The “Houses” column was split into four divisions: inhabited houses; uninhabited ones that were usually occupied; uninhabited houses that were not usually occupied; and those that were under construction (see the annotated document).
A concerted effort was also made to obtain more accurate birth data. Detailed instructions were asked of people in England and Wales about which county and town, or parish, they were born in. If they were born in Scotland or Ireland they were asked to name the county.
Those born in British territory abroad were asked for “the name of the Colony or Dependency”, while those who were born abroad had to state “British Subject”, “Naturalised British Subject” or “Foreign Subject” with specific nationality following.
Not only did a great many people not know in which county they were born, but a place which was now a town might easily have been a small village at the time of their birth
The chief clerk of the GRO was to complain “not only did a great many people not know in which county they were born but a place which was now a town might easily have been a small village at the time of the birth”.
The term “idiot” had been dropped. It had supposedly applied to people with congenital mental deficiency but its use as an insult had eroded its value in clinical definition, and most people had difficulty in distinguishing between an “idiot” with extremely limited capacities and an “imbecile” who could be educated or trained.
From 1901, “imbecile” was taken to cover all levels of congenital mental incapacity. However, the term “feeble minded” was now introduced. This was probably responsible for an increase in the recording of senile dementia among the elderly, now that a less derogatory term was used. These terms, however, were never adequately defined or widely understood. A lack of clarity was disparaged by the compilers of the Scottish household schedule who ordered: “Do not use such general terms as ‘Afflicted’ or ‘Infirm’.”
There was a loss of population through outward migration in all four UK countries. Emigrants from England and Wales had exceeded immigrants for 50 years. Scotland also saw a net loss through emigration. The loss was most marked in Ireland, where emigration and early death meant that there were now 4,458,755 people in Ireland, half the number there had been in 1841 before the famine. The population of England and Wales totalled 32,527,843, while Scotland’s was 4,472,103.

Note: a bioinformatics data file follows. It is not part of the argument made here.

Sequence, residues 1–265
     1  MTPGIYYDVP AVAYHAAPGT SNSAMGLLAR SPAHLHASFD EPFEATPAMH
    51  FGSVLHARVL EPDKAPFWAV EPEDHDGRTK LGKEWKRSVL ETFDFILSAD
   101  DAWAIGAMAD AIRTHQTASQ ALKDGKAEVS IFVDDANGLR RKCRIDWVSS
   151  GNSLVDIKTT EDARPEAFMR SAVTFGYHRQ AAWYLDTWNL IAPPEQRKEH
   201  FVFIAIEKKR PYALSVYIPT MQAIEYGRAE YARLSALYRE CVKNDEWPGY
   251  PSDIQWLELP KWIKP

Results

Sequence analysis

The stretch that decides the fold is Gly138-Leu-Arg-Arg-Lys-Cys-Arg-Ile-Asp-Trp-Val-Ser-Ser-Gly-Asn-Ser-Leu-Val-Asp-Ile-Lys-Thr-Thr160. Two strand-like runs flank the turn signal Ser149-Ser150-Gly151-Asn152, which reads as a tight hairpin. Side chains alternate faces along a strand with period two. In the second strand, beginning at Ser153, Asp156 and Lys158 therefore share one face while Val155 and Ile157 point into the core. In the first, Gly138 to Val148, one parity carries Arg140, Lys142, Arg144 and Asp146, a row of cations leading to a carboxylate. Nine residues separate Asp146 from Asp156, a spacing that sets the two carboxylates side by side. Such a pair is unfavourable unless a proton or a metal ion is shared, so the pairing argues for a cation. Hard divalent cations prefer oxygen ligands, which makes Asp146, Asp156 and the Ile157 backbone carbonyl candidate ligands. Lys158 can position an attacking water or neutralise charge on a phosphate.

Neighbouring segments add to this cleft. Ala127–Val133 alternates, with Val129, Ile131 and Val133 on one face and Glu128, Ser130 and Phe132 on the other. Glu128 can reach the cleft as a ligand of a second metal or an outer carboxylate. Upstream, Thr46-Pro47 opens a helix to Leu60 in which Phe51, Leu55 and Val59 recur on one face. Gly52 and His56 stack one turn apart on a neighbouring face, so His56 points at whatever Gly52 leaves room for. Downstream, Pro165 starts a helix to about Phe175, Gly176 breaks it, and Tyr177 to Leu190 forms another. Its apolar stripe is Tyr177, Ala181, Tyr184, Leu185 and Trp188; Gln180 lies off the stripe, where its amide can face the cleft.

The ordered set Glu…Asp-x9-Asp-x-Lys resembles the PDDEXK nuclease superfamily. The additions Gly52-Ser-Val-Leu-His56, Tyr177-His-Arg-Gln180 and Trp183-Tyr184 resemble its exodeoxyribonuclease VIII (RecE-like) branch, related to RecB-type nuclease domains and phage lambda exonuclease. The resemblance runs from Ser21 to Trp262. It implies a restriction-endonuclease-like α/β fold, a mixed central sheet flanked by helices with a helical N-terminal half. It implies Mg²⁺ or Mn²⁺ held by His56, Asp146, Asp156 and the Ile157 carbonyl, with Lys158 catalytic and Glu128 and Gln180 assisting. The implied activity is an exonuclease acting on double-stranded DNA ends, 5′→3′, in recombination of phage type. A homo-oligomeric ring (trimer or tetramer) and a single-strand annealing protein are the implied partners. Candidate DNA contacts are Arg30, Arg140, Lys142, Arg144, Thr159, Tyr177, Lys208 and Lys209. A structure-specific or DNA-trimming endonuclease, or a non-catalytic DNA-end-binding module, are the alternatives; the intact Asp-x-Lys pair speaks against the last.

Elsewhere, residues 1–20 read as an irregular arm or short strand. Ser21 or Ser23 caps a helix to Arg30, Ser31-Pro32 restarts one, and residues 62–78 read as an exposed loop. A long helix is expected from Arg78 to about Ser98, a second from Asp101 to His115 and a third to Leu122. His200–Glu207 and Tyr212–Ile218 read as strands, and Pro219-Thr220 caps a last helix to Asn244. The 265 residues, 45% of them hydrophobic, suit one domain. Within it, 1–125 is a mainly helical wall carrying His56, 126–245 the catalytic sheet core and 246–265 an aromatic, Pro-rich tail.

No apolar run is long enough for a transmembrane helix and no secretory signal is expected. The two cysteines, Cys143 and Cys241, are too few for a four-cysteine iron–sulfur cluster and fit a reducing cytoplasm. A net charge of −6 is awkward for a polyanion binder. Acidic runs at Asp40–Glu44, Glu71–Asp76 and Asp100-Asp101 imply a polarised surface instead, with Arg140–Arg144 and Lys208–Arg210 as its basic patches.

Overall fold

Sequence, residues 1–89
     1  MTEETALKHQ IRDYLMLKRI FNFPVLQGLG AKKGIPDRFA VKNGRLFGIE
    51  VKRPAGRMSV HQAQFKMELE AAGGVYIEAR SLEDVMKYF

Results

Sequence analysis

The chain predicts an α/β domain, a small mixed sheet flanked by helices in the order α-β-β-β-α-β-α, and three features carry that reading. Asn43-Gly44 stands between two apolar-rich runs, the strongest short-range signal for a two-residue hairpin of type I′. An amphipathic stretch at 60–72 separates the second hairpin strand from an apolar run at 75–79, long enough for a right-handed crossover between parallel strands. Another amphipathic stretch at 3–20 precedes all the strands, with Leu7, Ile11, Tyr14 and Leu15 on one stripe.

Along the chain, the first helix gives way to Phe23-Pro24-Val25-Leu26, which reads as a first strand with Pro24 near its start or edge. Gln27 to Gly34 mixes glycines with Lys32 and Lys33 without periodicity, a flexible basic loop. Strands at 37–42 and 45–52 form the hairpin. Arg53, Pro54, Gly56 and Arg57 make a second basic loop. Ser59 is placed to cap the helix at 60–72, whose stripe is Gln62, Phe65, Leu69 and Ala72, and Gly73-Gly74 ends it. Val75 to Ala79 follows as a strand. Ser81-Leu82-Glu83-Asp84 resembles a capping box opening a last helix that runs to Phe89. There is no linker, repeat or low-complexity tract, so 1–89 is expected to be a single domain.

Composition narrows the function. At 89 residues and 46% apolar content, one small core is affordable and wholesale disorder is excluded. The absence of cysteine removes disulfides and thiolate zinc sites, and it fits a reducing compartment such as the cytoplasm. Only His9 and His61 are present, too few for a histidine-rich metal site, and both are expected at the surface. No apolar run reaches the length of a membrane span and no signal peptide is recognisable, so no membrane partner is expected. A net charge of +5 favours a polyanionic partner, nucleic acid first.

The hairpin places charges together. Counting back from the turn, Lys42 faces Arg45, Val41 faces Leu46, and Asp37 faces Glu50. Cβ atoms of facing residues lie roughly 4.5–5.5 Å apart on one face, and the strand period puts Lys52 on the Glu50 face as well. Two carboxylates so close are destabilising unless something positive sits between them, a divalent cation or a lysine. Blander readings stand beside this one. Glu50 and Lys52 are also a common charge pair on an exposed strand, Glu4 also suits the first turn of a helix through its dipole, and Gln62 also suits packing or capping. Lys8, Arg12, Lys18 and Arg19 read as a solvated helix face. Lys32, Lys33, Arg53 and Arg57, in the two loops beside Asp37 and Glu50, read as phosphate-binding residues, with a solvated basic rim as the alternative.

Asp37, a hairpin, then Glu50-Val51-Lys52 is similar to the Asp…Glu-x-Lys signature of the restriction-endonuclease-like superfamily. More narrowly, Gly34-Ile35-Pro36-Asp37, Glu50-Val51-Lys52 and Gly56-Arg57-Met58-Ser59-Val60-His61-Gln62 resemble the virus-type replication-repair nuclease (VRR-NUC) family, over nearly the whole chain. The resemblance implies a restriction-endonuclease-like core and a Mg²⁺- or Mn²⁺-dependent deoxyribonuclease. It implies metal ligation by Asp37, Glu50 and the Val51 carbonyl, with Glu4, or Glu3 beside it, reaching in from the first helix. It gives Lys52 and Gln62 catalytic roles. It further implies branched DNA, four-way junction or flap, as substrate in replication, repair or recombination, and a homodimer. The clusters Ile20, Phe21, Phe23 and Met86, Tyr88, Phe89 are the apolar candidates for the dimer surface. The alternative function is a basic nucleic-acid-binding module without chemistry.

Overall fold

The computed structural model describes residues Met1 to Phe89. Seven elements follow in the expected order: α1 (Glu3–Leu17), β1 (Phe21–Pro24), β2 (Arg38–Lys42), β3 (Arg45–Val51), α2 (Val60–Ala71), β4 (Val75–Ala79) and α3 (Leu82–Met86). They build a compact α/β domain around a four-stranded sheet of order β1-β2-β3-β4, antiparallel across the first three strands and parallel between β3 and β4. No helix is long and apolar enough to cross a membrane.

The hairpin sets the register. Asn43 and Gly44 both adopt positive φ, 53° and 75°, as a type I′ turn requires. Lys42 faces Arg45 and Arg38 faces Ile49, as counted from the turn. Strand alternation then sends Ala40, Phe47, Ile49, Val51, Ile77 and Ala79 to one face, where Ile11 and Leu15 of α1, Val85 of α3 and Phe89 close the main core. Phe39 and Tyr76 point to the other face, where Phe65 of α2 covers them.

What questions were asked in the 1901 census for Ireland?
This year the Irish census asked educational questions that were not included in the rest of the UK. The form required to know whether a person could “Read and Write”, could “Read” or “Cannot Read”. The Irish census also asked religious profession, warning, “Members of Protestant Denominations are requested not to describe themselves by the vague term ‘Protestant’ but to enter the name of the Particular church, Denomination, or Body to which they belong.” There were found to be some three million Catholics in Ireland compared with one million Protestants. This year’s household returns are the earliest census records for Ireland that survive almost completely. They are held at the National Archives of Ireland in Dublin, and are available for free at census.nationalarchives.ie.
Where to find 1901 census records
How to access 1901 census records for England, Ireland, Scotland and Wales
Index (including occupation) and images for England and Wales. Index-only for Scotland. Irish census index links to images on The National Archives of Ireland.
The National Archives of Ireland Free
Index and images for all of Ireland. Select 'More search options' to search by occupation, religion etc.
Index shared with Findmypast for England and Wales. Occupations not indexed. Irish census index links to images on The National Archives of Ireland.
Index and superior images for England and Wales with occupations indexed. Index-only for Scotland. Irish census index links to images on The National Archives of Ireland.
Index and images for Scotland.
Index (including occupation) and images for England and Wales. Index-only for Scotland.